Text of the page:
I haven’t played TLOU. I am not a fanboi. However, from what I’ve seen in this SW, it is clear that the designers want to give the player a credible human threat, so that it can drive home some of the themes in their narrative. The problem is, it takes a lot of enemies in order to properly make player feel threatened. If they tried to cut the raider enemies down to “realistic” sustainable numbers, they would have to increase their challenge to such a degree that the game would devolve into a DIAS state. For this, and for other reasons (like, “we want the player to feel threatened, not disgusted”) the designers went for less “realistic” enemies, that have ten times more population they could reasonably feed and that charge suicidal into battle with minimal in-narrative justification.

      There are possibly well-intended, understandable justifications for why TLOU has been constructed the way it is. A lot of time and a lot of thought probably went into making the game. Writing off any blemishes as “well, the designers didn’t know what they were doing” is trivializing a complex design issue, and comes off as pretentious, especially when you are watching and not participating. Time would be better spent on asking what purpose the aberrant raider sequences were trying to serve and how that might be done better in a game design environment, than in writing them off as silly-pants nonsense that shouldn’t exist.

      • Daemian Lucifer says:

        “What you are effectively asking the designers to do, is sacrifice a message they are trying to convey through interactivity–that people are as much of a threat in an undead apocalypse as the zombies are–so that the gameplay doesn’t conflict with the linear narrative as much.”

        Thats precisely the opposite of what Im saying.The message they are trying to convey is being hurt by the clash between the narrative and the gameplay.If the two were better combined,the message would come off stronger,not weaker.I am asking for the game to be improved,for better synergy between its elements,not for sacrificing one in favor of the other.

        “The problem is, it takes a lot of enemies in order to properly make player feel threatened.
        .
        .
        .”

        Thats factually wrong,and Ive already brought up two examples(I am alive and this war of mine)where the human threat is much more credible,and more believable because it doesnt come in waves.Both those games are set ruined cities(one in an apocalypse of sorts,the other in a war),both have scarcity of resources,and both have raiders that are an enormous danger to the player,yet they appear only ever so often and in really small numbers,and are just as ill equipped as the player.Contrast it to here,where they have a freaking tank.And not just a tank,but a tank that is somehow able to sniff the player all the way across the river.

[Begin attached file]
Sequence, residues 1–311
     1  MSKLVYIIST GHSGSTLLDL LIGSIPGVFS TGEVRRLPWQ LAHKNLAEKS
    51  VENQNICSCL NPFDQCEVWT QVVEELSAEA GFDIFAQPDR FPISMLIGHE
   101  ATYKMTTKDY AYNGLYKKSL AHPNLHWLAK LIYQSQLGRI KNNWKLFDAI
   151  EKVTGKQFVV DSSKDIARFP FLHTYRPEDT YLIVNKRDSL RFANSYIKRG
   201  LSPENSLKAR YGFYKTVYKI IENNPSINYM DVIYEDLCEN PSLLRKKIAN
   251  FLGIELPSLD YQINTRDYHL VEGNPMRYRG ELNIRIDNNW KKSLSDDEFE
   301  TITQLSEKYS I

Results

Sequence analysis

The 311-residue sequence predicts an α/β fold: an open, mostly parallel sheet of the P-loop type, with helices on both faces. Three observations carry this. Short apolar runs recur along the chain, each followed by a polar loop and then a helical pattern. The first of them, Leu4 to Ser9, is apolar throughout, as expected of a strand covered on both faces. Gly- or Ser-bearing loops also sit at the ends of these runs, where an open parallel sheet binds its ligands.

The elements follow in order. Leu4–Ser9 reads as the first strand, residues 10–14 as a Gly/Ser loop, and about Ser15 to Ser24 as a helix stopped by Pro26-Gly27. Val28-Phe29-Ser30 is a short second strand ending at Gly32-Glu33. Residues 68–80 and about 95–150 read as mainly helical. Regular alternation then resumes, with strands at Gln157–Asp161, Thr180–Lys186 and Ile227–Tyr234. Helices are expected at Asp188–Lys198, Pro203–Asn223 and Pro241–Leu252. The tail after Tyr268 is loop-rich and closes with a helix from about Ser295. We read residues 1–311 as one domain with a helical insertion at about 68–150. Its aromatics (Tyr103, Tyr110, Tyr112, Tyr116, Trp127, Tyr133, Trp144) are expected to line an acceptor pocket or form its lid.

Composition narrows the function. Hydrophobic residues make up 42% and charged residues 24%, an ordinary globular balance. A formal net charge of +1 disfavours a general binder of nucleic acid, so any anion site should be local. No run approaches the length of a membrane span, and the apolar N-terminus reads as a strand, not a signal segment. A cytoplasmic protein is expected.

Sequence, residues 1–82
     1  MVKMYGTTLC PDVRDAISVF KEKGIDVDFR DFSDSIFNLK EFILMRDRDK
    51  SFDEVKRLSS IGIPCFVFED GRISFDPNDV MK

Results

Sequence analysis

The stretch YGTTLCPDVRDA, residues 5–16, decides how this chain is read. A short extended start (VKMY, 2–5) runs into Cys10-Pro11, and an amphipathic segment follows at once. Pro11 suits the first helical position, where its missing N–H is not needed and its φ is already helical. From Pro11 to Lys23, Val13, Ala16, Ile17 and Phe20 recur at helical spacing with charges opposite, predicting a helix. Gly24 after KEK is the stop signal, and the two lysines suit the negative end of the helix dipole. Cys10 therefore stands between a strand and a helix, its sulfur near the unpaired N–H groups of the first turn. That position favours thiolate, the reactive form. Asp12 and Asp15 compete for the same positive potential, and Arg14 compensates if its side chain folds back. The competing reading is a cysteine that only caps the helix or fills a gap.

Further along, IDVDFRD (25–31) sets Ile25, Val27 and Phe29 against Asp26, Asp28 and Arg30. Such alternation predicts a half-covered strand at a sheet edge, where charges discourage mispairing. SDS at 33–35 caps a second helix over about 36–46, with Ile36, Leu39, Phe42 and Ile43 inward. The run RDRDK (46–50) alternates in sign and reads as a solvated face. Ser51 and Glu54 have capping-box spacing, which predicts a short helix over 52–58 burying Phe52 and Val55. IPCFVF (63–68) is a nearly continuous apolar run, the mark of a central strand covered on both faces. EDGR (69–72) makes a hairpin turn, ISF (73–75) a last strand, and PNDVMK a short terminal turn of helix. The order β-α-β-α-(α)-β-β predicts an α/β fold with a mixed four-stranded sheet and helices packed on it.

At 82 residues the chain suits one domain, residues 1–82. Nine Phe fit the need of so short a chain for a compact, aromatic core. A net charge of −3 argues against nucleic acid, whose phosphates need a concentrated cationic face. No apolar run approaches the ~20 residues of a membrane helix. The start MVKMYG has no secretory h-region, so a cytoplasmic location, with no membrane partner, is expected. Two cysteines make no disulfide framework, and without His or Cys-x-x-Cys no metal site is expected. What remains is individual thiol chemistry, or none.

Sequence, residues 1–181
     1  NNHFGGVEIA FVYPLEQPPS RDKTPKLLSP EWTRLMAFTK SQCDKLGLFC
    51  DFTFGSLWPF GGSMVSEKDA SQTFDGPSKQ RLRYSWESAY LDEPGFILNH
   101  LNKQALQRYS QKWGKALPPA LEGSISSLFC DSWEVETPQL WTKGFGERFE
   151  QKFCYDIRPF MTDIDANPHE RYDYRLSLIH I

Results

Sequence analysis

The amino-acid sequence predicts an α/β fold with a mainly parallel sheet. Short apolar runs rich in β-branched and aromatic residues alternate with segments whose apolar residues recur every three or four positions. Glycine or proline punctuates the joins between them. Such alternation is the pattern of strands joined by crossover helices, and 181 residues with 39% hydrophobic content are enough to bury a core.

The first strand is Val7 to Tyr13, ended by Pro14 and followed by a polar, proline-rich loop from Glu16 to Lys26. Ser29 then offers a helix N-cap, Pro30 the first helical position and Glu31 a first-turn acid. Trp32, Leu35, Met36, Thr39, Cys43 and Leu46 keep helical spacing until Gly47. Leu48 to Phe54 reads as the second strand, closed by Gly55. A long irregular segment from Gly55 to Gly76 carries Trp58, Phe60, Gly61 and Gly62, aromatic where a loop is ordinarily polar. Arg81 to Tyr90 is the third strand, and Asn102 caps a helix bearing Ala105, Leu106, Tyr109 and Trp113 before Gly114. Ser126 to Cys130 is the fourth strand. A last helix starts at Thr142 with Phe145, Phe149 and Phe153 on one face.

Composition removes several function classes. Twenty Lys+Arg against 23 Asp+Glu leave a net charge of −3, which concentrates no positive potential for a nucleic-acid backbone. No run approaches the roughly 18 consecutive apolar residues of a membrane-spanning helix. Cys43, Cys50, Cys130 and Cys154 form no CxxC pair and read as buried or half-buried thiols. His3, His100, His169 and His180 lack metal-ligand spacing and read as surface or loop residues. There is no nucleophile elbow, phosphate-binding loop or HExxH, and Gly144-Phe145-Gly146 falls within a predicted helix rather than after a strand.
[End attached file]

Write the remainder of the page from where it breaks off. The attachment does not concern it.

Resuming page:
“the designers went for less “realistic” enemies, that have ten times more population they could reasonably feed and that charge suicidal into battle with minimal in-narrative justification.”

        And thats perfectly fine,when you dont actively try to make the rest of the game uber realistic as they did.When you try to do both,the jump is jarring and it ruins the whole experience.

        “Writing off any blemishes as “well, the designers didn’t know what they were doing” is trivializing a complex design issue, and comes off as pretentious, especially when you are watching and not participating.”

        Except I wasnt the one trivializing it,it was Rihanna Pratchet(Galaxy Gun mentioned that interview in this episode).Granted,she was talking about tom braider and why the enemies were so numerous there,but its not that big of a leap to assume similar thing went on here because the results are so similar.

        Its not really ineptitude thats the problem,its lack of knowledge.We have plenty of talented people,but once they become a project lead,they have to learn things on the fly,because plenty of it is new to everyone,not just them.They have no clue what works and what doesnt until they try it.And its understandable,because the industry is young.But it has to change in order for it to become better.Thats why I love stuff like extra credits that try to improve it.

  3. Daemian Lucifer says:

    Also,guys,this war of mine is exactly the game you are looking for.The stuff you get to do in it(loot,sneak,rob,hide,run away,…)is the story of the game.Your team is impacted by what actions you make them do,for better or for worse.Its great.

    • James says:

      I think it was TB who said on the co optional podcast that he robbed a house which happened to have an elderly couple in it, they surrendered as they are old and cant fight back, and that made him feel like shit as they obviously wouldn’t survive without what he took. and the character who did it also felt terrible to the point of being suicidal which made TB feel worse. this was without saying to the player they should feel sad with slow piano music and a kid being blown up by a space lazor.

  4. Daemian Lucifer says:

    Guys,when people say theres a lot of bareback riding in las vegas,they arent referring to the horses.

  5. Hale Burns says:

    In regards to the conversation on walking around a horse, you can actually safely walk behind them with your hand on their flank. While I come from one of the urban centers in California, there were some stables nearby my house I briefly volunteered at, and my job was to teach beginning riders how to handle horses both before and during a ride.

    Most people were encouraged to simply walk out of the horse’s kicking range, but the instructors were taught that as long as the horse knew you were there to begin with, a properly trained horse would not kick you if you kept your hand on their flank the whole time you were walking around them. So it isn’t wrong, simply discouraged because of the potential danger.

    • Groboclown says:

      I’m going to second this – my English style and cutting horse instructors all told me this was fine to put the hand on the flank. One said that she just plays with the horse’s tail when she walks behind her horse.

    • Nidokoenig says: